A Fast, Straightforward Examination of Key Topics
New Media, Communication, and Society is a fast, straightforward examination of key topics which will be useful and engaging for both students and professors. It connects students to wide-ranging resources and challenges them to develop their own opinions. Moreover, it encourages students to develop media literacy so they can speak up and make a difference in the world. Short chapters with lots of illustrations encourage reading and provide a springboard for conversation inside and outside of the classroom. Wide-ranging topics spark interest. Chapters include suggestions for additional exploration, a media literacy exercise, and a point that is just for fun. Every chapter includes thought leaders, ranging from leading researchers to business leaders to entrepreneurs, from Socrates to Doug Rushkoff and Lance Strate to Bill Gates.
6 Big News Power (Cheryl A. Casey)
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Big News Power
Cheryl A. Casey
One of these things is not like the others
One thing that doesn’t seem to have changed much since my own college days is the centrality of cereal to the student diet. Students frequently show up to class with a cup full of cereal, sometimes with milk, sometimes not, no matter the time of day. The New York Times has noted that in the 21st century, students are “consuming breakfast cereal as if their grade-point averages depended on it” (Foderaro, 2004, para. 2).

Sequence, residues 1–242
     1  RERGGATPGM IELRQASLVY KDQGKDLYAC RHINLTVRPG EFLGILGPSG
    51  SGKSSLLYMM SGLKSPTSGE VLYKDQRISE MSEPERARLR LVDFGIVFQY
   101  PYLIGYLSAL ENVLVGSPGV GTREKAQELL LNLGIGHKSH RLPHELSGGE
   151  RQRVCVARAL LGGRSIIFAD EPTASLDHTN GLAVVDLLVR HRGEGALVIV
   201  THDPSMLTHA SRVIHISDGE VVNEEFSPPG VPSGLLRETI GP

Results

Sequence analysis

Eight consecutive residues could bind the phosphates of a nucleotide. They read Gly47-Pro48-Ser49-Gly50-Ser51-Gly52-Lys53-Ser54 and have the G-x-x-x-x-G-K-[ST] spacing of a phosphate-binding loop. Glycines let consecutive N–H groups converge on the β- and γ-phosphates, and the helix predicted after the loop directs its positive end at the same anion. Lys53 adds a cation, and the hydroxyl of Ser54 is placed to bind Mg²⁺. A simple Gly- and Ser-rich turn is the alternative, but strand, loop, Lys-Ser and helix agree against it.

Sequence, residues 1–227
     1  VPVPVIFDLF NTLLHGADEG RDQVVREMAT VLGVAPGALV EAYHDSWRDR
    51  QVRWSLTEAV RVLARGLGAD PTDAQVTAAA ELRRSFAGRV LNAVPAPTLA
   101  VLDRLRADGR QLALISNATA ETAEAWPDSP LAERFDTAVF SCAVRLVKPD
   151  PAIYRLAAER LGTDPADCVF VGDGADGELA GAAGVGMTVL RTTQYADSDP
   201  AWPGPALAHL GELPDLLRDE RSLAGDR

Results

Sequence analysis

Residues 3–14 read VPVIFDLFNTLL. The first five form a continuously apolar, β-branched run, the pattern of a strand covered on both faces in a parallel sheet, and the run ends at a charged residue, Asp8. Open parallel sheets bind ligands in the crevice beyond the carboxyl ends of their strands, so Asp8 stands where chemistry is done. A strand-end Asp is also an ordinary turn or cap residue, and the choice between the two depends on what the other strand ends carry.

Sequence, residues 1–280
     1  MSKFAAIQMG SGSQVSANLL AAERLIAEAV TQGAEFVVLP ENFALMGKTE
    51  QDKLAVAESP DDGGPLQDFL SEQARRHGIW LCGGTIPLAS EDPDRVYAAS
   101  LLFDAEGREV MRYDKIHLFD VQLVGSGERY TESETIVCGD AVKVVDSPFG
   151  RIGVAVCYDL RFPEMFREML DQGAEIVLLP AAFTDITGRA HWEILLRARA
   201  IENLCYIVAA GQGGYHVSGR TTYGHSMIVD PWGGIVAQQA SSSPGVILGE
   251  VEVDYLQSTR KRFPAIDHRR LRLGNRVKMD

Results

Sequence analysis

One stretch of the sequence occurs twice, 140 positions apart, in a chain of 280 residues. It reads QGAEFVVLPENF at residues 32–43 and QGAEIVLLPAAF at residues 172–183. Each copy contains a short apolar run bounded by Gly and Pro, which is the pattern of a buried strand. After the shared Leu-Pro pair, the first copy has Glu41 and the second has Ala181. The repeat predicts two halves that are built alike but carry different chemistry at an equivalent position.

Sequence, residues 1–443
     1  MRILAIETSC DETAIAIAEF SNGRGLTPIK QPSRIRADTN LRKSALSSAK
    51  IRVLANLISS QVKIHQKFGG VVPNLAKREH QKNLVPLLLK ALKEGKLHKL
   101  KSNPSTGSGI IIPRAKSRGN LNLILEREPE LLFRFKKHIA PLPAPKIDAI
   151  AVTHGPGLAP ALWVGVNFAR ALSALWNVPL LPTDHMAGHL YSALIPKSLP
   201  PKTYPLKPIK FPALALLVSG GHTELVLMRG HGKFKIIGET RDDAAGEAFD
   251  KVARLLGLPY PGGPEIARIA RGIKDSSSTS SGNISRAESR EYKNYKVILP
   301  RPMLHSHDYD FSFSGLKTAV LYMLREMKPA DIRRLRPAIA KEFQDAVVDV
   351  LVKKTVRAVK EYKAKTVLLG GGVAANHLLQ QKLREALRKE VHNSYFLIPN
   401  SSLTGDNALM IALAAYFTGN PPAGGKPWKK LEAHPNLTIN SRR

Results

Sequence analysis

The beauty of cereal is that there are so many possibilities from which to choose. In the grocery store, the cereal aisle stands as the very paragon of choice. Choice is part of the very bedrock of American life. Imagine, then, that you arrive at the grocery store only to find that one side of the aisle offers an unspecified Kellogg cereal, and the other side an unspecified Post breakfast product. A choice between only two? Choice, my foot, you scoff.
In reality, we really are choosing from only a handful of major cereal manufacturers. It may not seem so offensive to us, however, that our choices in the realm of cereal—or just about any other consumer product—are limited to the output of a few companies, because of how vast and diverse that output can be. We can still choose from among...
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